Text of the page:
Inevitably with an event as dramatic as Brexit, the unintended consequences keep coming. One of the less noted is the 11th hour reprieve it has granted the Law Society, which in the spring was looking on course to lose much of its fund-raising powers as part of a government review.
Obviously, the administration of Theresa May has got more pressing matters on its plate than legal service regulation. Yet the review kicked off by the Treasury has still put in train a sequence of reviews/land grabs/shoulder-shoving by our main regulatory and representative bodies.
At the other end, you have bodies like the Bar Council and, to a lesser extent the Law Society. Bar Council chair Chantal-Aimée Doerries QC last month delivered a speech of startling complacency at the International Bar Association, encapsulating this stance. The speech’s title, ‘Barbarians at the Gate: The Attack on Professionalism’, tells you about the mix of special pleading and denial regarding the materialism of the profession.
While it may sound contradictory, neither viewpoint strikes me as likely to address the issues at hand. First the pro-consumer lobby. The legal profession in this country does a very poor job of providing retail services at a remotely affordable price. Go into any high street law firm in the south of England and you will find solicitors utterly determined to charge customers between £200 and £350 an hour for routine services. It is a joke but one that endures because the profession maintains an unshakeable faith in its divine right to charge ridiculous money for well-established law. In that context, more tinkering with the regulatory framework is not going to suddenly unleash a wave of competition, and certainly has not so far. The only way that may happen is if you put something genuinely radical on the table – far more radical than anyone has proposed so far.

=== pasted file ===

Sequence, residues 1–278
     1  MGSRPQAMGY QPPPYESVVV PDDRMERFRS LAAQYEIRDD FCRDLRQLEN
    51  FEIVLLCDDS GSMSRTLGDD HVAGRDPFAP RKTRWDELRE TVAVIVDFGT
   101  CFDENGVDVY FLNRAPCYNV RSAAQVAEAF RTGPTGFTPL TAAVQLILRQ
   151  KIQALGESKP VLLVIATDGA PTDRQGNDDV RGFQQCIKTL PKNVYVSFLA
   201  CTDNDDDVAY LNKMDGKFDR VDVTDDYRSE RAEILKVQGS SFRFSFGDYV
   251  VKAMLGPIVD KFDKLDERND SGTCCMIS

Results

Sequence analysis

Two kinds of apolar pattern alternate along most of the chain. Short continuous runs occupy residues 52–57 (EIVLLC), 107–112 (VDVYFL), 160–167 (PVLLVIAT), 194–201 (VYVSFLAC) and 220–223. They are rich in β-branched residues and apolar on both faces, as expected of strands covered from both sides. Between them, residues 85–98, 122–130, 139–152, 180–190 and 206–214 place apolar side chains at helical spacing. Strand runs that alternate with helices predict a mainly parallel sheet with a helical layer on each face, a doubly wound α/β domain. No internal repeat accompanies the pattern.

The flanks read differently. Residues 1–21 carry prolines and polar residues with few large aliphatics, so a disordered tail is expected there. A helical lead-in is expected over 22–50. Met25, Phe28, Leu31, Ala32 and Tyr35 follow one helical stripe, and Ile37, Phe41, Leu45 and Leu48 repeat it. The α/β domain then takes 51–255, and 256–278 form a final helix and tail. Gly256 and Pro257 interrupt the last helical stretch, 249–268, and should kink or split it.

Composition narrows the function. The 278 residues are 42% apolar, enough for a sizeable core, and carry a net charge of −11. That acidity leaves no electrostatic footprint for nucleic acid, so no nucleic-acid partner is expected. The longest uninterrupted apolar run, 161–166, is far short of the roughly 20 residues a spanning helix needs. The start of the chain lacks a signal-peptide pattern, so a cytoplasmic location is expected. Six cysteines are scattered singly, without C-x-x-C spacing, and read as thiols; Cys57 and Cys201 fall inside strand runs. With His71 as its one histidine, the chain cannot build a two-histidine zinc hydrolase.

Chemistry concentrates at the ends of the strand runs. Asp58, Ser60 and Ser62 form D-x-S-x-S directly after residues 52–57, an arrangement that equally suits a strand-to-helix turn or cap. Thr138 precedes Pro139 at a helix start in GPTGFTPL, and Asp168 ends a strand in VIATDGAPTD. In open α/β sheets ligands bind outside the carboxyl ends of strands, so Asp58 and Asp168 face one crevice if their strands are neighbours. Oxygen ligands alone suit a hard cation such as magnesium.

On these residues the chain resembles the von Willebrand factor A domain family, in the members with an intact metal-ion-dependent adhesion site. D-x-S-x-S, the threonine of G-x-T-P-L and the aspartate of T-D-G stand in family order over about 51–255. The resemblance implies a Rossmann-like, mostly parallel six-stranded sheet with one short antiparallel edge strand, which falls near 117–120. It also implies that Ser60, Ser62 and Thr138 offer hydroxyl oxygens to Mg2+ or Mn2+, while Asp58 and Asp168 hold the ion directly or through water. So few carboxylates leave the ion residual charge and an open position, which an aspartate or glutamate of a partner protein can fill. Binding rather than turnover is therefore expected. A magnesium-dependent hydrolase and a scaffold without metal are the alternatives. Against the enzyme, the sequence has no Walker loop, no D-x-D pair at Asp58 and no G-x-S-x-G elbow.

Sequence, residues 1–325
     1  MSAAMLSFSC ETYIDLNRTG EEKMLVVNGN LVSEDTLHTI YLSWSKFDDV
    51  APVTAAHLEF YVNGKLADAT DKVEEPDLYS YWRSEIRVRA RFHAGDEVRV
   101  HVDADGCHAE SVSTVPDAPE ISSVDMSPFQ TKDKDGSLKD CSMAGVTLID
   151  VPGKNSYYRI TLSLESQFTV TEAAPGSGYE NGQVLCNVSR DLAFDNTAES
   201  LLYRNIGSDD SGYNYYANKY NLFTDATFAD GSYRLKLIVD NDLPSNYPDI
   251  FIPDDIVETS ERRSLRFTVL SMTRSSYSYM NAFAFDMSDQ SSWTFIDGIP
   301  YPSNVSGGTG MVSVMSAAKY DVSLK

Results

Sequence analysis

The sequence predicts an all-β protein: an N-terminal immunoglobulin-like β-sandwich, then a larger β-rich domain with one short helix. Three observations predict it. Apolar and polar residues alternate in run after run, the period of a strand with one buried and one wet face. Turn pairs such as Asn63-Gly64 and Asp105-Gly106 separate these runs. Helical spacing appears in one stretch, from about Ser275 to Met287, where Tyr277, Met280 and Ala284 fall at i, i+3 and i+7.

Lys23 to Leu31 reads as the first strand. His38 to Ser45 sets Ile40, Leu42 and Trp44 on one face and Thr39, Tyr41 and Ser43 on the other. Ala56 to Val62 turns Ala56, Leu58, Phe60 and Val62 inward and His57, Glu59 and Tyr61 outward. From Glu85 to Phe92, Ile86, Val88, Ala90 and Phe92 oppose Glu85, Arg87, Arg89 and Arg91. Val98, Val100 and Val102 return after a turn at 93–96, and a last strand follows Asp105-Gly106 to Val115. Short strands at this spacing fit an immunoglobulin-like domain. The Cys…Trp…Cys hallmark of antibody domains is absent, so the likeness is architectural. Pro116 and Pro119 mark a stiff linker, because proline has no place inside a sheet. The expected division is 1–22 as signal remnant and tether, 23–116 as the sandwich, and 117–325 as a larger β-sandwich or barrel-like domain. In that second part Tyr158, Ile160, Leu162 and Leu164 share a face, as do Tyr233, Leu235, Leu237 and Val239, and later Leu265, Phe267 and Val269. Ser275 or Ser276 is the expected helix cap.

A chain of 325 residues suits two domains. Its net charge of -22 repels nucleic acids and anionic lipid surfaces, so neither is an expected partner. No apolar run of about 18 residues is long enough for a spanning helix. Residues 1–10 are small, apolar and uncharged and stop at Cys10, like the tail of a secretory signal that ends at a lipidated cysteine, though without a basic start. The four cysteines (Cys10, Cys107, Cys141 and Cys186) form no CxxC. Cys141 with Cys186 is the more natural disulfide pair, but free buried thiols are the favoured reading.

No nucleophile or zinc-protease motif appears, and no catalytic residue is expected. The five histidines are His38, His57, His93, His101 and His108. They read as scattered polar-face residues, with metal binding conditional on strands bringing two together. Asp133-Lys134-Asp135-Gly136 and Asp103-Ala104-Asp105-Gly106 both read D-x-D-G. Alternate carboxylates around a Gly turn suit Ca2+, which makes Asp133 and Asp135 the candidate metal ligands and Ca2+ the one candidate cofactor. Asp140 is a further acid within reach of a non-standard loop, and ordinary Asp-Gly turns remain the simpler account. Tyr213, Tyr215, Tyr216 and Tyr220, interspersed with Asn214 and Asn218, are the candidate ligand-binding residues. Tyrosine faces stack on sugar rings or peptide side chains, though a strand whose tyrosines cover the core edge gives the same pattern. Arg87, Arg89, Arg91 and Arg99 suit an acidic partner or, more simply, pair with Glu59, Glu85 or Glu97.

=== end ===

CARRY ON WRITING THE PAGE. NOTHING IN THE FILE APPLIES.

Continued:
It is an English disease to believe such reforms can create free-market solutions. Effective markets need key elements such as transparency, liquidity and buyers armed with useful information. When legal services is a twice-a-lifetime distressed purchase, a market solution will not come easily. Institutional legal services – which have all those elements – operate as a far more competitive market. For such reasons, the profession’s propensity to keep playing the access-to-justice card to head off debate is distasteful, with the exception of some areas of legal aid.
A more honest discussion would accept both that we need a minimalist approach to regulatory change and the reality that lawyers like money and it will take more than some fiddling around the edges to get them to cut their rates in half.
What might work other than a high-risk, scorched-earth approach to regulation would be the creation of a kitemark framework scheme where providers are vetted and have to provide services to agreed and transparent rates. Effectively implemented it would see retail customers flock to it.
Instead what kitemark does the profession have? The QC system for the one branch of the profession instructed by other professionals. Says it all.